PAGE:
Corporations have been using buybacks to “rob Peter to pay Paul” since the Reagan administration created laws that allow it.
According to a Goldman Sachs chart, 2018 was a record year for buybacks, which neared $800 billion for S&P 500 companies alone:
Even though these companies bought back shares, which should have spurred investment in more companies, that didn’t keep the S&P from dropping 6 percent by the end of 2018. But corporations are still getting a benefit…
“Buyback Monsters” Perform Market Illusion
This “sleight of hand” illusion allowed Apple to increase their market cap by $118 billion in 2018 on news that it would complete share buybacks in the amount of $210 billion.
They used tax incentives along with other forms of capital to complete the buyback. This move only helped Apple’s economy and their shareholders.
But they’re not the only company that has pulled off this amazing magical feat. Home Depot and “nearly 80 others”are also dipping into the “buyback gravy train.”
Home Depot is in a class of corporations I call “buyback monsters,” companies that have reduced their share count outstanding by at least 25 percent since 2010. It is by no means alone. Nearly 80 companies in the S&P 500 have reduced their share count by at least 25 percent since 2010, and more than 100 (20 percent) have reduced their share count by 20 percent or more, including some of the best-known companies in America.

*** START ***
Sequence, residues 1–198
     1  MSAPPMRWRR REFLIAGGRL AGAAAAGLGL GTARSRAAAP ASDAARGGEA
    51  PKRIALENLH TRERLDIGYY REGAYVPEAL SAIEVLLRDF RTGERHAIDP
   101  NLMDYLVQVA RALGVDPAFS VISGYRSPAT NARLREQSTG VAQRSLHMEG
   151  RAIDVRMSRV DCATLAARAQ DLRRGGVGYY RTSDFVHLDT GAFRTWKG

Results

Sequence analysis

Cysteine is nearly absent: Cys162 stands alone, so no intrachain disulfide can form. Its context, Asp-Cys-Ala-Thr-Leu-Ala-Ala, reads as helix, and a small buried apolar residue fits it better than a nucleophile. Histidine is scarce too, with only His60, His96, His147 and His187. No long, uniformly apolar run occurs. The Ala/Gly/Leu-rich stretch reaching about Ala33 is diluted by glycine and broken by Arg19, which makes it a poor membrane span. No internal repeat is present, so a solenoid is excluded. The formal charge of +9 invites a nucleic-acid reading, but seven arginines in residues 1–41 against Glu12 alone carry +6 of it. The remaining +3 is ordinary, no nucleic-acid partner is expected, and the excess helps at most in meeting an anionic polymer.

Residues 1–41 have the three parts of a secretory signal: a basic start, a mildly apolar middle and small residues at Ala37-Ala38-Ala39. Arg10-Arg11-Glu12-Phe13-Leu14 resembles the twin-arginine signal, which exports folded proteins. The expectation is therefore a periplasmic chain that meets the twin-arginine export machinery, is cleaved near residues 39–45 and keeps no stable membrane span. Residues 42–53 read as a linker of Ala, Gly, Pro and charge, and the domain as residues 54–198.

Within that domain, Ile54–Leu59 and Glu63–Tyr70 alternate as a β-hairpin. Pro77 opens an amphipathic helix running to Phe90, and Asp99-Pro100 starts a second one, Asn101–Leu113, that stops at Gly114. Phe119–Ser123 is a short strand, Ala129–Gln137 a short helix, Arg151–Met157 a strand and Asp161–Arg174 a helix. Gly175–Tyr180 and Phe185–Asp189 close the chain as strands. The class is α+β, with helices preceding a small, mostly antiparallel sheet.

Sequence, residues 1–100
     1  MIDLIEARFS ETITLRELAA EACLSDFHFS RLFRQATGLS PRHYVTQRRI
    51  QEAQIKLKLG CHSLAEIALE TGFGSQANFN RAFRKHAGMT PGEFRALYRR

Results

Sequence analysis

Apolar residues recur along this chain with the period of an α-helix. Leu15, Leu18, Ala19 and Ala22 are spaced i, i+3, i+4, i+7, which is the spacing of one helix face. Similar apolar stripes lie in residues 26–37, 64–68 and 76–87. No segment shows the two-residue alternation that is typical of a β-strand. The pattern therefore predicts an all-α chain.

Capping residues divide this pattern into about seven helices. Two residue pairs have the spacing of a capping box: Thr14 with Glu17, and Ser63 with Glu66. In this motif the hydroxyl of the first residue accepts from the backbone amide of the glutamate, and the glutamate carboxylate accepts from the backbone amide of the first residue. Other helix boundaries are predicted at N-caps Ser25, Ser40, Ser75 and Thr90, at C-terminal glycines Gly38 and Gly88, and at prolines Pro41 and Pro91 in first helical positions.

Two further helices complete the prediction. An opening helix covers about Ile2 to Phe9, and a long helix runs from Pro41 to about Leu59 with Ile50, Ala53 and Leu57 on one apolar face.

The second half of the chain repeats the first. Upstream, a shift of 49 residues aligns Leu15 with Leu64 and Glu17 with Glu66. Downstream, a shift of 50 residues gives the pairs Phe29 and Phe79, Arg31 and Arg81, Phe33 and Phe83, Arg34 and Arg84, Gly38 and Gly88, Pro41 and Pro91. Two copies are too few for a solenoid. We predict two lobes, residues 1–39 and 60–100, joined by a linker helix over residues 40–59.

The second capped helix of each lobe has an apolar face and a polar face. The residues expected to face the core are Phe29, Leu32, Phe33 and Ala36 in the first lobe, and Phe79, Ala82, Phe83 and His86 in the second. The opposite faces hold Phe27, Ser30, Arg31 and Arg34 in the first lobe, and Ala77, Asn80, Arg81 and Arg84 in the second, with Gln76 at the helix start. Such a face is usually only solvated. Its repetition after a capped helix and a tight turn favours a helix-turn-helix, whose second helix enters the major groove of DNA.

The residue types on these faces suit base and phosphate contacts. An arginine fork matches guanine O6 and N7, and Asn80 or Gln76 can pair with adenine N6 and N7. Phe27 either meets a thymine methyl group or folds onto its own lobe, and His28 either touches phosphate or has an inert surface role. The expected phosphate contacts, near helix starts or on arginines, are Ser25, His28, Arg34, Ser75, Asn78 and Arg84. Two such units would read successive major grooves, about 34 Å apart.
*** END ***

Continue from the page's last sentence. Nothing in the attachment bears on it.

Using Home Depot’s 35% share buyback as an example, a CNBC article highlighted another implication of being a member of the “buyback monster” club:
All other metrics being equal, Home Depot’s 35 percent share count reduction means that earnings appear 35 percent better, without any change in “fundamentals” like revenues, costs or taxes.
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